Lots of issues around violence and when to use it have come to the fore for me in the past few days – the Afghan war and the G8 riots being the most media prominent. Yet, its my current favorite TV show Boston Legal which describes it best.
There was a great episode where one of the lawyers got into an altercation with a bruiser at a bar. Said lawyer taunted said bruiser, who punched him. View the video to see one way our of this situation.
As you can see his solution was unique – but it brings up the question for me of when do you fight, when do you flee (and maybe fight another day) and when do you bring in help.
In a more metaphorical way, this scenario is often revisited in one’s career when you are faced with a serious conflict (say getting fired or majorly jerked around) and the aforementioned three choices. Though at first blush, going on the offensive may feel like the right thing, upon sleeping on it the answer often seems to be to walk away. The long-term strategy often becomes bringing in others to help you.
I follow the idiom that revenge is best served cold.* It is more important to determine my immediate interests and needs than it is to go for the throat. But, then again, sometimes it sure would be nice …
* this phrase is alternatively attributed to Klingon Khaless the unforgettable; a quote by Pierre Ambroise Francois Choderios de LaClos (1741-1803) in his book Les Liasons Dangereuses; or as old Mafiosi saying from Sicily.
Community Mapping has always been quite an amazing tool – it localizes knowledge, draws on the “mappers” personal and community experiences, identifies interconnectedness – all this coming together and increasing social capital (if you are interested in the concepts of social capital read Robert Putnam’s Bowling Alone; to better understand how it relates to mapping, read up on John Mcknight’s Asset Based Community Development). You can check out some of the work that the International Centre for Sustainable Cities and UN-HABITAT has done on community mapping by checking out their draft asset mapping manual.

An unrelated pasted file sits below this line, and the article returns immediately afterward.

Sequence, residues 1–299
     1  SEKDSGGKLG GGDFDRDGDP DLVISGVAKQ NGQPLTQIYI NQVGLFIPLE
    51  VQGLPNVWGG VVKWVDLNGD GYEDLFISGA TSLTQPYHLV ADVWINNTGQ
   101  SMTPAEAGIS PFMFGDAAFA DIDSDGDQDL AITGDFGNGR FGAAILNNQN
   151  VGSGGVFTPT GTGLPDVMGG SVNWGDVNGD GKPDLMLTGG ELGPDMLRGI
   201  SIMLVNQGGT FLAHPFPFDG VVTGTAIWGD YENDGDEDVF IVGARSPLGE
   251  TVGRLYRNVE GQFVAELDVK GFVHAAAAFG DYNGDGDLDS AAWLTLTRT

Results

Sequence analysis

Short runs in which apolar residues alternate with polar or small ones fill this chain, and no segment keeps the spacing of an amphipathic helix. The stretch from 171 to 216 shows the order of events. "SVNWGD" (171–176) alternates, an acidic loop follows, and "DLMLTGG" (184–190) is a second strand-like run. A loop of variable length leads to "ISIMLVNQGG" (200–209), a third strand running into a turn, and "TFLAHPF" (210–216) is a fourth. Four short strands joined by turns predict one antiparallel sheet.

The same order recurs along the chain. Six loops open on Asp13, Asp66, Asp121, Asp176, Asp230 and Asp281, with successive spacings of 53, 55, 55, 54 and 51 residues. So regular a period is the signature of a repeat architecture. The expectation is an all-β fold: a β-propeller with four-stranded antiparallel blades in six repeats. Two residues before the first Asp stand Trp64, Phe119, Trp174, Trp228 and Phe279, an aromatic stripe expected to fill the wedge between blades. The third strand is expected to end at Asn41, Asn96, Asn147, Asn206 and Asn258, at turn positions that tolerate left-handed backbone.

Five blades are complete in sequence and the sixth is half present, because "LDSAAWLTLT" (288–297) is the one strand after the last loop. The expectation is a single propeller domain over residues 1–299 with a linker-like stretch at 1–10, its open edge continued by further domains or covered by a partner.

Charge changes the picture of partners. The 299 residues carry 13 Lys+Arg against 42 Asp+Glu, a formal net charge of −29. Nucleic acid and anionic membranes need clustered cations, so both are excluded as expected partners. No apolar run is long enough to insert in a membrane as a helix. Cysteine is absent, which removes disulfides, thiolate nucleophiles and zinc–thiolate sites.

As I have written about before, the Kibera Mapper’s project take this to the next level by combining the “soft” components of mapping – working with community, getting them to identify their “assets” or “social capital” – with the “hard” components of mapping – turning out maps which can be used in community organizing and advocacy. These organizing and advocacy outputs can be used to influence decision makers such as planners – I like to thing of it as the “pointy stick” of mapping, where you can drive your message home with great success.
What is even more exciting is how low tech this has become. Using what they call Walking Papers mappers are able to draw directly onto a map and then have it scanned and that be uploaded directly to a digital map. No GPS, no uploading to an onsite computer. The definition of High Touch/Low Tech.
Anyways, I am re-blogging Mikel’s post from the Map Kibera blog. It gives a lot more detail and new insight into mapping — real-time — in the field.
NOTE: I had a wonderful lunch when i was in Nairobi with some of the people from the Map Kibera project (you can read my previous blog on this here, or go to their website mapkibera.org). What fascinated me was the stage they were at in regards to the growth of their project and their concern about assuring that the project was sustainable. This got me thinking about sustainability and NGOs. Here are my musings on the subject …